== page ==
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- GDP (PPP):
- $22.6 billion
- 3.1% growth
- 1.5% 5-year compound annual growth
- $10,904 per capita
- Inflation (CPI):
- FDI Inflow:
Macedonia’s economic freedom score is 67.1, making its economy the 53rd freest in the 2015 Index. Its overall score has decreased by 1.5 points since last year, with improvements in freedom from corruption and trade freedom outweighed by declines in labor freedom, business freedom, the management of government spending, and monetary freedom. Macedonia is ranked 24th out of 43 countries in the Europe region, and its overall score is above the world and regional averages.
Macedonia’s transition to a more market-based economy has been facilitated by relatively high social and political stability that has enabled the economy to adapt to comprehensive reform measures. Over the past five years, Macedonia’s economic freedom has advanced by 1.1 points with notable score improvements in half of the 10 economic freedoms, including business freedom, freedom from corruption, and trade freedom.
Macedonia has made considerable progress in income growth and overall poverty reduction. Competitive flat tax rates and a permissive trade regime, buttressed by a relatively efficient regulatory framework, have encouraged the emergence of a dynamic private sector. Implementation of deeper institutional reforms will be critical to ensuring more dynamic long-term development.
The Republic of Macedonia gained its independence from the former Yugoslavia in 1991 and has achieved considerable political and economic stability. Prime Minister Nikola Gruevski of the conservative party VMRO-DPMNE prevailed in the April 2014 presidential and parliamentary elections in a coalition with the Democratic Union for Integration. Macedonia completed NATO’s Membership Action Plan in 2008, but Greece continues to block its accession to the alliance because it objects to Macedonia’s name. This dispute is delaying Macedonia’s accession to the European Union as well. Macedonia is a developing country with a substantial fiscal deficit, but its economy is growing. Improvements in the legal framework are creating a stable environment for foreign and domestic investment.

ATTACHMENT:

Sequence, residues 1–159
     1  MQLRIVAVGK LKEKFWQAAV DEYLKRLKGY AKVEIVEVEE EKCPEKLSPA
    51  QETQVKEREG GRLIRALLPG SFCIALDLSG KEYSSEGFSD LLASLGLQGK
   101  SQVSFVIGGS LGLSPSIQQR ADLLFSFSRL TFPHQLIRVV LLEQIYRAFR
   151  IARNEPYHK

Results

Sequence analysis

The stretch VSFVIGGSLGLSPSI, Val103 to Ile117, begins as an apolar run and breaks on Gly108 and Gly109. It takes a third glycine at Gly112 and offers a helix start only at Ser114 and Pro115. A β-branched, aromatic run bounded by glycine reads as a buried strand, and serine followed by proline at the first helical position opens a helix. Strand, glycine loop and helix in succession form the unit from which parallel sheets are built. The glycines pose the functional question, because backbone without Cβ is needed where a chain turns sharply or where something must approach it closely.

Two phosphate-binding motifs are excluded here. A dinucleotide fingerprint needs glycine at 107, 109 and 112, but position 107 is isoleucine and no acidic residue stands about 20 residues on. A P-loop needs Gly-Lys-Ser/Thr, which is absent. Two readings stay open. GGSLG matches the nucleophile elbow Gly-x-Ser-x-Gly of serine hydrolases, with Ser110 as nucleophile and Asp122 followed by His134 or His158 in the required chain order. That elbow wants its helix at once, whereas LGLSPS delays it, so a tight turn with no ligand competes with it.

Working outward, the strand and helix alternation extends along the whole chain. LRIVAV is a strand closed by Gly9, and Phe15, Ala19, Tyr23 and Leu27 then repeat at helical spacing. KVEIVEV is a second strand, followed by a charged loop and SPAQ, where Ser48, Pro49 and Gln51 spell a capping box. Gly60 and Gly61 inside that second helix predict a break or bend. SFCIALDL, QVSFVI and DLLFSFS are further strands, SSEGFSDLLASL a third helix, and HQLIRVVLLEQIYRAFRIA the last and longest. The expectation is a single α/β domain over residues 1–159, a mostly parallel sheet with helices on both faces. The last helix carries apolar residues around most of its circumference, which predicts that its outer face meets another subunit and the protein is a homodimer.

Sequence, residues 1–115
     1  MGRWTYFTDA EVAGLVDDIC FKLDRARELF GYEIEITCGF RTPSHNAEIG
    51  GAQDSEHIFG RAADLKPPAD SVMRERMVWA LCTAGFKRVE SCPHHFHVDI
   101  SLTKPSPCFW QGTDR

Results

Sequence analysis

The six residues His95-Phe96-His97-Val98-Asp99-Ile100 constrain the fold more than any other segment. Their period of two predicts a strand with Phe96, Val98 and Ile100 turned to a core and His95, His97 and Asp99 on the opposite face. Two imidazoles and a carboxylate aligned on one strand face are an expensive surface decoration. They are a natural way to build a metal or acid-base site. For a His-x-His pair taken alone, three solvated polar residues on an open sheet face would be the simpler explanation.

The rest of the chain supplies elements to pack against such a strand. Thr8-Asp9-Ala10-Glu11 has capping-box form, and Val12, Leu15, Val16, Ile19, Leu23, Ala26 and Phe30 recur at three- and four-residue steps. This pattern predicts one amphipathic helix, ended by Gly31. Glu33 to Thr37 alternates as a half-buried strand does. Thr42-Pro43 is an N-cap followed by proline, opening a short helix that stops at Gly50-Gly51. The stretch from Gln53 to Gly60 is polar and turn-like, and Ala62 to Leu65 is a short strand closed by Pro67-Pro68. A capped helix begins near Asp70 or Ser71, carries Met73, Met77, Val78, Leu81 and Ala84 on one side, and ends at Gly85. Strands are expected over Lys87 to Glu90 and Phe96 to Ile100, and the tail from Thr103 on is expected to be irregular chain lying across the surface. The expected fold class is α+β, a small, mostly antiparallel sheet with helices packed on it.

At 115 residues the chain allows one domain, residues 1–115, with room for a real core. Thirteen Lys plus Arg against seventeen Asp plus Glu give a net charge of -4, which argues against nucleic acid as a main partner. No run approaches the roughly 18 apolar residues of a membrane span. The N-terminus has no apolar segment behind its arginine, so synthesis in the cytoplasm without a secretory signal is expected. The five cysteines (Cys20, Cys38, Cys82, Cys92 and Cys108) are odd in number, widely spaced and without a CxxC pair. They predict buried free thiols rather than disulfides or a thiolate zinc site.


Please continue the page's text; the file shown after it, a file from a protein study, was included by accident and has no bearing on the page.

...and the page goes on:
Corruption and cronyism are prevalent in public administration and procurement procedures, increasing costs for businesses and chilling foreign investment. Macedonia remains an important transit and destination point for human trafficking to Western Europe, as well as for the smuggling of arms, drugs, and stolen cars. Registering real property and obtaining land titles continue to be difficult.
Individual and corporate income tax rates are a flat 10 percent. Other taxes include a value-added tax and a property transfer tax. Tax revenue constitutes 25.6 percent of domestic income, and government spending accounts for 33.8 percent of the domestic economy. Public debt is equal to about 36 percent of gross domestic product.
Forming a business takes two procedures and two days, with no minimum capital required, but completing licensing requirements remains relatively time-consuming. The labor market lacks flexibility, hindering more dynamic job growth. The state has tried to maintain fiscal discipline to bolster its case for eventual membership in the eurozone, but spending on agricultural subsidies increased again in 2014.
Macedonia’s average tariff rate is 1.9 percent. The country has worked to reduce trade barriers since joining the WTO. Non-tariff barriers are relatively low, and foreign and domestic investors are generally treated equally. The financial sector has been restructured. The banking sector is more open to foreign banks and has withstood the global financial turmoil relatively well. The capital market is evolving.